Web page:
• In Mother 3, the Pigmask army deploys some tanks to break into Osohe Castle, which works out fine. They later use the same tanks to chase down your party, only to have one get destroyed by them (Having a Tomboy Princess with Psychic Powers and a mighty old man packing explosives helped there), while another is crushed like a tin-can by a Drago right after its driver decide they've seen enough and bail out.
  • Played With in Rebel Inc.: Tanks will win virtually every battle they engage in, but have other flaws that can make them anywhere from a Difficult, but Awesome Situational Sword to an outright liability in a Counter Insurgency campaign, compared to the Boring, but Practical option of scraping them for a quick cash injection:
    • Tanks damage the infrastructure just by being there and thus actively hinder your main victory condition of winning hearts and minds
    • Tanks cannot support (increase combat efficiency of) adjacent units.
    • Tanks cannot enter Remote Zones unless they have Roads or Highways.
  • In the first Rune Factory game, the main opponent the Sechs Empire sends an armored battle tank to defeat the player. By this point, your character is strong enough to defeat the tank easily, at which point the opponent says "Maybe it was a manufacturing defect." At the climax, the opponent sends dozens of tanks to destroy your town. Then the huge Dragon causes plants to grow and defeat the tanks by clogging them
  • Shadow Guardian has the Alexandria shootout, where the hero Jason is ambushed by a tank... which he took out in five seconds by shooting a fuse-box atop a nearby lamppost, which lands on the tank and disables it. After a brief shootout against enemy mooks, the tank reactivates to continue attacking Jason, only for Jason to grab a rocket launcher from a slain mook and destroy it in one shot.
  • In Super Robot Wars: Original Generation, Ryusei thinks this is the case since he lives in a world where giant robots exist. He gets outmaneuvered and shot down by tanks during his very first training session, teaching him a very important lesson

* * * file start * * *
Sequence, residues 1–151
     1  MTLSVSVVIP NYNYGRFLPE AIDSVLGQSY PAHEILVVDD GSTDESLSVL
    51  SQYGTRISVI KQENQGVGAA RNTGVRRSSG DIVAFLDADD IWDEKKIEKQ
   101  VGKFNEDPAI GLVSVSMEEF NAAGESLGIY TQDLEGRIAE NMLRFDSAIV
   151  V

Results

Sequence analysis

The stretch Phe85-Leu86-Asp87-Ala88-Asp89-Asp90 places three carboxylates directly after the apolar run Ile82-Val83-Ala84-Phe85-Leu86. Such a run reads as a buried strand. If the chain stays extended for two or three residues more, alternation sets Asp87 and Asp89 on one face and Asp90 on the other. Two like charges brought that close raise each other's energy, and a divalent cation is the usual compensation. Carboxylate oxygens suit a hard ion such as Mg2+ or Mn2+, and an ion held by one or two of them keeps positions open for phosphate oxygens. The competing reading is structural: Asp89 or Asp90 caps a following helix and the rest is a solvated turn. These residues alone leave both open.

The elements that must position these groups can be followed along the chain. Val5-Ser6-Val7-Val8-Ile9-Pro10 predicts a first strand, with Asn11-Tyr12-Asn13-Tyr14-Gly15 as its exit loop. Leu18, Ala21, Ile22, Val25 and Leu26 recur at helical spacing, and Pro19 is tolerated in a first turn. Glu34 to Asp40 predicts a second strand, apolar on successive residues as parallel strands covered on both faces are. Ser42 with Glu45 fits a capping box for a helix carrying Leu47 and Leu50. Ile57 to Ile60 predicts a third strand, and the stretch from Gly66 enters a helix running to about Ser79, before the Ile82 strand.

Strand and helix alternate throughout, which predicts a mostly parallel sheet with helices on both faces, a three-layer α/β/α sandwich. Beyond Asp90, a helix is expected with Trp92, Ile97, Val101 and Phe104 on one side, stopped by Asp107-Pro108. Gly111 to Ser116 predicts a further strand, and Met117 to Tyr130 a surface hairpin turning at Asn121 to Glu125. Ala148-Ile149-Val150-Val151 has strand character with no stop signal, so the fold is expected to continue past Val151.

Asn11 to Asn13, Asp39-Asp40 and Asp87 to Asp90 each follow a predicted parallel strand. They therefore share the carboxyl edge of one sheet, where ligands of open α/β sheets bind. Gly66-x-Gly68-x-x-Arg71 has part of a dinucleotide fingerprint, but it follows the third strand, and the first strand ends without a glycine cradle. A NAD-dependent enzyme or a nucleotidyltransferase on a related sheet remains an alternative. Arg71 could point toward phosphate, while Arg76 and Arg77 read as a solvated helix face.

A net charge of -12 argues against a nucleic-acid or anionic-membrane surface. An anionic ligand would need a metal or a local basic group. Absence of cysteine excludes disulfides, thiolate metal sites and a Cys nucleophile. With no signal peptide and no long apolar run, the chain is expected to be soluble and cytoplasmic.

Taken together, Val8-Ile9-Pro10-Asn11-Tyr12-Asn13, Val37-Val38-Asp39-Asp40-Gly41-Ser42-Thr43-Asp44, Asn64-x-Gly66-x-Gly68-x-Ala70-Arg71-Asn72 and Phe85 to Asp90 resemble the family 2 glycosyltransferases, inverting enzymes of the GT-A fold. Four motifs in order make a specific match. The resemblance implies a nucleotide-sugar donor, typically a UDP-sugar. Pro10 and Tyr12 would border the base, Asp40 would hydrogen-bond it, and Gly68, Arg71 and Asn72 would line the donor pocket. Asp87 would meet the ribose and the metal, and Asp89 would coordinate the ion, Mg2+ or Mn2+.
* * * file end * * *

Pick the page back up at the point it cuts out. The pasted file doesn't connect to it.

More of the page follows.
• Universe at War plays this trope several different ways:
    • In cutscenes and backstory, human tanks are said to be weak and virtually ineffective against the invading alien forces, playing the trope straight.
    • In the game itself, in the hands of a competent player they're easily able to hold their own against "superior" alien vehicles while their shells' large knockback lets them play Ping-Pong with enemy infantry, making them one of the most versatile and arguably most powerful units for their cost. If used en masse, they can even chew through the enemy's Habitat Walkers fairly quickly, provided their firepower is concentrated on a single hardpoint.
  • In Valkyria Chronicles, your own tank, and tanks in general are quite effective. However in one event you are tasked with diverting the path of the enemy's humongous mobile battle fortress into an ambush where the Gallian Royal Guard's tank squad awaits. Your diversion is successful, the Royal Guard attacks, does absolutely nothing and is destroyed utterly making the mission entirely pointless.
  • Warcraft III: While not outright useless, Steam Tanks (sorry, Siege Engines) have a niche role: they have barely-above-melee range, deal less damage than the other artillery unit, and can't attack units. They're essentially steampunk battering rams, used to attack buildings and be hard to kill thanks to their building-type armor, and the expansion grants them the ability to fire rockets at up to three flyers simultaneously.